Home >Documents >PHE as Condensers

PHE as Condensers

Date post:10-Mar-2015
Category:
View:125 times
Download:17 times
Share this document with a friend
Transcript:

Plate Heat Exchangers as Refrigeration CondensersISHRAE, February 25th Pune, India

Dr. Claes Stenhede

2

Fouling.The majority of condensers probably operate with cooling tower water. Treatment of cooling tower water depends on the actual water quality, the air quality, and some-times varies with the season and is normally best done by a specialized company, with experience of the particular conditions at the site.

The only special consideration is that a PHE is sensitive to fibre like particles, such as grass, seaweed, and leaves. Agglomerations of micro organisms, which can be found in cooling tower water, can also cause problems. A good screening with a mesh size about half the channel height is usually sufficient.

3 Do not mistake fouling for corrosion. The figure shows a plate with hard, rust like deposits. It was initially thought that it was corroded, but the plate was made of titanium, which simply does not corrode in the brackish water used. Moreover, corrosion of titanium does not produce insoluble, rust like deposits. A closer investigation showed that the deposits originated from the connecting, steel pipe work.

4

Non condensable gases.Sources of non-condensable gases (inerts, air) in a refrigeration system can be: Insufficient removal before start up due to either a faulty vacuum pump or a faulty pressure gauge. A part of the system is shut off from the rest during the initial evacuation of the air. The evaporators operate below ambient pressure, especially in case of multiple and large unit coolers. The frost can easily break a tube in a unit cooler if the defrosting is not properly Decomposition products. This is normally a minor source except in ammoniawater absorption systems. Under certain conditions, ammonia decomposes to hydrogen and nitrogen, especially if nickel is present. This decomposition mixture has a lower density than ammonia, which can affect the vent position.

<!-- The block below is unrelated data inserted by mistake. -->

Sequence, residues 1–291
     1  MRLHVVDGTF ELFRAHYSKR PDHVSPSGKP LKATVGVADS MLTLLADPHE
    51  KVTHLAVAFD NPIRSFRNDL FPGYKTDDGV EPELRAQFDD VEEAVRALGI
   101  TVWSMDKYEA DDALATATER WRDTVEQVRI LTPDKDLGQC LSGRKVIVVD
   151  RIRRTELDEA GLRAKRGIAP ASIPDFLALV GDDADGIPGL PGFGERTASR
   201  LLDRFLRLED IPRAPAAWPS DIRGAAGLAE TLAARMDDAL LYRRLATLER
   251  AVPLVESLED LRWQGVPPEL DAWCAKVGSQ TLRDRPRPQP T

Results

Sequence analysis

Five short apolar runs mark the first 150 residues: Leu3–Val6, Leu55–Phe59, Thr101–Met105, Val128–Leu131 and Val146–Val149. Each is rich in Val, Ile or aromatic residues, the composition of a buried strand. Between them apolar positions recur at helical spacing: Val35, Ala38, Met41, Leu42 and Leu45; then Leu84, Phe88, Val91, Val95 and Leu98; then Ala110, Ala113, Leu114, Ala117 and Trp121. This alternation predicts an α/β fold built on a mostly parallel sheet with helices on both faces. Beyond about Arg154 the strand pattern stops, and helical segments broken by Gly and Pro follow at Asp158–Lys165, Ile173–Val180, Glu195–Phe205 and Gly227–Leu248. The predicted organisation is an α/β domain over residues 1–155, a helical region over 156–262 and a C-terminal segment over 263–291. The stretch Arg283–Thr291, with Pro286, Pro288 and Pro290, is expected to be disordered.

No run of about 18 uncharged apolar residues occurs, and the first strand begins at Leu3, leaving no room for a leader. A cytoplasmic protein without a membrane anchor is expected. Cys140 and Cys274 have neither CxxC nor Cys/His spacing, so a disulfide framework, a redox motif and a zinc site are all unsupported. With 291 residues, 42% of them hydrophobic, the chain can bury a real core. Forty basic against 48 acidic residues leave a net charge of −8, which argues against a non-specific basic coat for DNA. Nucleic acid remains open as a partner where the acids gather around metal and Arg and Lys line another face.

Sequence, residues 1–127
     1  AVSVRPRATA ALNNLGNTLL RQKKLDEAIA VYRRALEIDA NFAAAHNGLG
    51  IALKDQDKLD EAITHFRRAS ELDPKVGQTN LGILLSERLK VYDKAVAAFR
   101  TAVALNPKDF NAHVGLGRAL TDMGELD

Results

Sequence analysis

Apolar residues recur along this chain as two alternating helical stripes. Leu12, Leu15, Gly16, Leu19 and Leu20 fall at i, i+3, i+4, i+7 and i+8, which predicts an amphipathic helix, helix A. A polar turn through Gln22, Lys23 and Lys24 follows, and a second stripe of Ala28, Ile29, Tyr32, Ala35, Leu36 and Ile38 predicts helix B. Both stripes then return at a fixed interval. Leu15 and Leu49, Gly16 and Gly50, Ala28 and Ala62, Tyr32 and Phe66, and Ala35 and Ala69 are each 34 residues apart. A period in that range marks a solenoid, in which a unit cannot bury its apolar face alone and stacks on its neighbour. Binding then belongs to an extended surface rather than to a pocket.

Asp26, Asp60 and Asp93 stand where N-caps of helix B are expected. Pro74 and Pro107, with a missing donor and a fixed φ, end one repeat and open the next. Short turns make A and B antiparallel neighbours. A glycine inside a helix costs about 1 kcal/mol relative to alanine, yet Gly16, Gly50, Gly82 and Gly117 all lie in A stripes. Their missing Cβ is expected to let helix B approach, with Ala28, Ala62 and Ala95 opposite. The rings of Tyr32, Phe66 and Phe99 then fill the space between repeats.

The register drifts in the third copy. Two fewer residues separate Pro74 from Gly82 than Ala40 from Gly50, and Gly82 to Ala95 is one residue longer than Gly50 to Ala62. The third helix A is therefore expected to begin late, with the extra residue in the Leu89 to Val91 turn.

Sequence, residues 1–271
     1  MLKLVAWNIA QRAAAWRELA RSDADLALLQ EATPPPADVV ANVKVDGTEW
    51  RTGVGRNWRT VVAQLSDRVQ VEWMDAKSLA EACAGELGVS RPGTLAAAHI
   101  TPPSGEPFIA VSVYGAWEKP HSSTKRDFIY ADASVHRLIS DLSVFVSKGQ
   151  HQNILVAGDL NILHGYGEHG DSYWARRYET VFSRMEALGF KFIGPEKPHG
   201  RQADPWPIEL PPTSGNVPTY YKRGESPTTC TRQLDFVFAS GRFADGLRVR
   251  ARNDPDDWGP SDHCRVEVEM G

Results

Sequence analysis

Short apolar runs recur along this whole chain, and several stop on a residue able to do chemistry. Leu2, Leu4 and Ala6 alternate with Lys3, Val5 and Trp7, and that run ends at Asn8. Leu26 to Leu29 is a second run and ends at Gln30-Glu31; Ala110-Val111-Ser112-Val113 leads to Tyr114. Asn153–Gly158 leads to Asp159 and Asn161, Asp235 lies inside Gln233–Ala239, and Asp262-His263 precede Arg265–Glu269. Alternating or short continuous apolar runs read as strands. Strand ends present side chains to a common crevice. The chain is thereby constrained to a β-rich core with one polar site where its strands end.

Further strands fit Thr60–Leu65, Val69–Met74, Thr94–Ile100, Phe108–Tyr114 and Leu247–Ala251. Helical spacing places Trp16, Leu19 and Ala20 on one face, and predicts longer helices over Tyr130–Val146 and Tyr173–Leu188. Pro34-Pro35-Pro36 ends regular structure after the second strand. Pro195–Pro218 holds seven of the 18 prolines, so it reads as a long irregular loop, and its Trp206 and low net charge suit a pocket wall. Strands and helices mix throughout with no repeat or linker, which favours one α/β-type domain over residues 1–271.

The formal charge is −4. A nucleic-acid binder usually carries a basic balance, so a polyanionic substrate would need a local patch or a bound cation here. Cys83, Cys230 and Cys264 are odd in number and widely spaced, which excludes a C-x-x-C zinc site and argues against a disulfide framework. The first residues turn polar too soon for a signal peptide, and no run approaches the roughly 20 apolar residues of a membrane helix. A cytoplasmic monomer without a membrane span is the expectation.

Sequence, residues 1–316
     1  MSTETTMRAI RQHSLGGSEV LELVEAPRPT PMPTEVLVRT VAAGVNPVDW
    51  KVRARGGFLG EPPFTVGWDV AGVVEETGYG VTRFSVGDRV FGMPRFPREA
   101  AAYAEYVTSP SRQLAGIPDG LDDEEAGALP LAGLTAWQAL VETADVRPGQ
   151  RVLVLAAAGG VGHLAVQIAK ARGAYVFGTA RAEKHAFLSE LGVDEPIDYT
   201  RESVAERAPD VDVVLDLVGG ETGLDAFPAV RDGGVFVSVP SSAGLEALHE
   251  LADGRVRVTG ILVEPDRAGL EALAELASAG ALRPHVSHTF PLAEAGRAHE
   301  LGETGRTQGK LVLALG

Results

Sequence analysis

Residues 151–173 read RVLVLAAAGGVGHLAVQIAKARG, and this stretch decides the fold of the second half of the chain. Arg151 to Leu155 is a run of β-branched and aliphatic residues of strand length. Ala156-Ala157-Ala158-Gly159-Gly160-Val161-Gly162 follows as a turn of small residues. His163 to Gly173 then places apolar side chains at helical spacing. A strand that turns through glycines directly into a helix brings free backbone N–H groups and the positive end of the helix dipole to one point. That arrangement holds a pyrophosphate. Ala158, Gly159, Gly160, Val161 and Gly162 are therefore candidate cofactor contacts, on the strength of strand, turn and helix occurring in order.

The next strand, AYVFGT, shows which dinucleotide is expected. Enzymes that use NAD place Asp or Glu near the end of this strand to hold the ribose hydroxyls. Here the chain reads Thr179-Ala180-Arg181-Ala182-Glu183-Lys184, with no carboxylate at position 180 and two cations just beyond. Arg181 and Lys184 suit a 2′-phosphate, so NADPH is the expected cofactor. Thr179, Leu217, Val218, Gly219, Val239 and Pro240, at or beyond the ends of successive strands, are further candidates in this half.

5

The effects of non condensable gases.Both the heat transfer coefficient and the temperature difference are decreased, see the figure. The denomination air is used here, as this is the most common inert gas. When the condensation proceeds: The relative concentration of the vapour decreases and thus the saturation temperature and the temperature difference decrease as well. There will be an increasingly thick layer of air saturated with vapour close to the condensing surface. The vapour has to diffuse through this layer. The result is a decreasing heat transfer coefficient. Some refrigerant remains in the vapour, regardless of the exit temperature. Ex.:1000 kg R22, containing 1 % air, condenses at 45 C. After the condenser (P =Temperature C

Pure vapour

Vapour with air

Heat load

100

The inert gases affect the temperature difference, the heat transfer coefficient and the condensing efficiency.

0.1 bar), the temperature has decreased to 40 C and 193 kg R22 remains at the exit.

A. Troubleshooting matrix for refrigeration condensers, mainly valid for PHEs.Causes Observations1. Too high condenser pressure.6 Yes, if the expansion valve lets air pass or if a finite amount accumulates A. Air B. Condensate blocking of conden-ser surface Yes. See also 6.D. C. Restric-tion in refrigeration line.* Yes * * D. Fouling or blocking of water channels E. Too small con-den-se r.***

of 50/50
Plate Heat Exchangers as Refrigeration Condensers ISHRAE, February 25th Pune, India Dr. Claes Stenhede
Embed Size (px)
Recommended